But in late 2021, Algeria’s hydrocarbons revenues, and with them the country’s economic fortunes, begun to improve. Post-COVID economic acceleration and logistics constraints led to a surge in oil prices over the fourth quarter of 2021. After starting the year at roughly $50 per barrel, Brent crude prices averaged $71 throughout 2021 and reached as high as $86.
Encouraged by higher global demand and prices, Algeria increased production from 175.9 million tons of oil equivalent (toe) in 2020 to 185.2 million toe in 2021. Over the same period, hydrocarbon export revenues rose from $20 billion to $34.5 billion. At last, Algeria’s ruling system was getting what it had wished for: some breathing room.
Saved by the war
Even before the start of the conflict in Ukraine, the Algerian authorities seemed to be concerned that rising global inflation, especially in food commodity prices, could unleash a new wave of protests across the country. In mid-February, President Tebboune made a surprise announcement: Tax increases on certain food products that had been included in the 2022 budget would be frozen.
Then, Vladimir Putin’s decision in late February to invade Ukraine pushed oil prices further upwards. Even with Brent crude prices momentarily exceeding $123 per barrel at the start of the war, the Algerian authorities initially appeared cautious about increasing public expenditure on the back of rising export revenues. The government seemed to be keeping to the 2022 budgetary projections made before the start of the conflict.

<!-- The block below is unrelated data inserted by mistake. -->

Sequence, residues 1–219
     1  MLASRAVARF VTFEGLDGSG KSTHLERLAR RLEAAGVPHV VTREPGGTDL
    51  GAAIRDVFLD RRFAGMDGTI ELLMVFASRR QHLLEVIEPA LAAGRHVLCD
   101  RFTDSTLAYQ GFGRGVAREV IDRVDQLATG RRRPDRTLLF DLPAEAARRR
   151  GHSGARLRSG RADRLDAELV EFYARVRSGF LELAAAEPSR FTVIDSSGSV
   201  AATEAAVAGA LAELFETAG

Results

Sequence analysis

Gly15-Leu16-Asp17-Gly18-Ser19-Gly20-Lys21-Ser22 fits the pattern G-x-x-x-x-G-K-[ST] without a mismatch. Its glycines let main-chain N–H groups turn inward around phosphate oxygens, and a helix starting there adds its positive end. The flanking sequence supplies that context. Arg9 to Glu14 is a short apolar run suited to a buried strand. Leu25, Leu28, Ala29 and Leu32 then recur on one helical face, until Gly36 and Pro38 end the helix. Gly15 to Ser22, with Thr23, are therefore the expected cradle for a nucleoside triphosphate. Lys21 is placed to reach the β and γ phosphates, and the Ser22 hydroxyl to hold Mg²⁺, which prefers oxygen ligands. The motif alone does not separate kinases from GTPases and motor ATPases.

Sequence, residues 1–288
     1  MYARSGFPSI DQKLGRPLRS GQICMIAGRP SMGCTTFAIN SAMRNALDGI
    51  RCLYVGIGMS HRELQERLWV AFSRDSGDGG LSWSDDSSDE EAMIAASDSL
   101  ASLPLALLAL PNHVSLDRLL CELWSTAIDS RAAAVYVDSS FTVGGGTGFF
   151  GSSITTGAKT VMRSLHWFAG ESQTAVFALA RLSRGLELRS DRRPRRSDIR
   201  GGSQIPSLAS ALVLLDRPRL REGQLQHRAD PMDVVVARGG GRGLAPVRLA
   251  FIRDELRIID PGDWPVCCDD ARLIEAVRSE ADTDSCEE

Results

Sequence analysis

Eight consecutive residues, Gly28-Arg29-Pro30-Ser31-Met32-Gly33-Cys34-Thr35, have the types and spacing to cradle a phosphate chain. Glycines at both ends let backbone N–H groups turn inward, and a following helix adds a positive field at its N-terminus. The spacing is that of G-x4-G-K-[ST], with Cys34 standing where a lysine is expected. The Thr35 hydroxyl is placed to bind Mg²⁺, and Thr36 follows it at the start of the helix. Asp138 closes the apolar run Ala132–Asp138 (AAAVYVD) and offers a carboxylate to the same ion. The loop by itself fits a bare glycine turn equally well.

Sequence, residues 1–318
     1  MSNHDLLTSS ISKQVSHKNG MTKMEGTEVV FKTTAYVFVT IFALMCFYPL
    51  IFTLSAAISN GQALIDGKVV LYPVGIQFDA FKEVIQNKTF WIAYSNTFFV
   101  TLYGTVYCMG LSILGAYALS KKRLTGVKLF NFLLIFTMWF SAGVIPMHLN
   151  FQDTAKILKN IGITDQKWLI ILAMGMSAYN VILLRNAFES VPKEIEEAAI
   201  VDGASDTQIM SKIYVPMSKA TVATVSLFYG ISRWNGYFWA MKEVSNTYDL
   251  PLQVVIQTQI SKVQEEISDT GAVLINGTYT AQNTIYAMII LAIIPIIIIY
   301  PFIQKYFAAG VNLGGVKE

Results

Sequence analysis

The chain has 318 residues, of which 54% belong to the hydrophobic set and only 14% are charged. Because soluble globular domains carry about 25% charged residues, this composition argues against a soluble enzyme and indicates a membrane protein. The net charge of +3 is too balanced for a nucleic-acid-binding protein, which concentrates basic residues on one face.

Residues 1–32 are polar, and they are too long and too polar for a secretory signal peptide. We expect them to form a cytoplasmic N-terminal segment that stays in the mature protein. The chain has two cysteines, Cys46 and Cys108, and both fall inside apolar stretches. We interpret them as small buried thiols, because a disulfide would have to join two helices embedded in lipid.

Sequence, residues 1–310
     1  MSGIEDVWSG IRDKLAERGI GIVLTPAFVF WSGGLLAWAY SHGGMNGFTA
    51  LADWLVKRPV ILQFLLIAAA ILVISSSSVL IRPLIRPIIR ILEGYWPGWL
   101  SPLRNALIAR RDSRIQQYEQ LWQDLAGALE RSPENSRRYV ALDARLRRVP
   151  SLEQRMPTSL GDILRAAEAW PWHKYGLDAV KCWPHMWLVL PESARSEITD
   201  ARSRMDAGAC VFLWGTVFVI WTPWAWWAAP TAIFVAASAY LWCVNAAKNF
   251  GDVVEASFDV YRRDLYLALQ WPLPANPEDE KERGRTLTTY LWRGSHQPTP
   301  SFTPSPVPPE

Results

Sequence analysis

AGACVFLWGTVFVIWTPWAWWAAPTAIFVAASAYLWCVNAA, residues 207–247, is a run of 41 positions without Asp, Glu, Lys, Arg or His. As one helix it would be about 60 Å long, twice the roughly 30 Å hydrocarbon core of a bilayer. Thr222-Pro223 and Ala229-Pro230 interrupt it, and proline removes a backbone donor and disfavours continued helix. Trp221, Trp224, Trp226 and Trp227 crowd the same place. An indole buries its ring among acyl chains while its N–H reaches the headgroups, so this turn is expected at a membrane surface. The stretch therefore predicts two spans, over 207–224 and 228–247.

More recently, however, the government has allocated DA35 billion ($240 million) to stabilize the prices of sugar and cooking oil, two staples that have seen huge price increases. Furthermore, DA80bn ($550 million) has been channeled to fund unemployment support. Beneficiaries receive DA13,000 ($89) per month. As of mid-April, over 900,000 Algerians aged 18-40 had been accepted into the program. Financing this type of support would be much harder if oil prices were still in the $70 range, as opposed to the $113 Brent was trading at in late May.
This is not the first time the regime has used financial transfers to maintain social peace. In 2011, amid the regional Arab Spring protests, the authorities approved retroactive salary increases for police officers and raised subsidies on cereals, cooking oil, sugar, and milk. Later that year, following workers’ strikes, the government increased pensions from 20% to 30%. This time around, only a significant worsening of public unrest will likely see the government channel increased financial support to specific constituencies, rather than maintain its path of attempting to reduce the overall pressure of inflation on Algerian households through subsidies.
A diplomatic upgrade
Besides injecting much-needed liquidity into Algeria’s coffers, the war in Ukraine has also raised the country’s diplomatic standing. The aging generals’ opaque way of dealing with foreign powers and their inability to implement economic and political reforms cemented Algeria’s reputation as a sort of mild pariah state, despite its importance as an energy producer and its strategic relevance in dealing with instability in the Sahel. This decline in status has accelerated in recent years, as Algeria’s dispute with neighboring Morocco over the Western Sahara became increasingly volatile.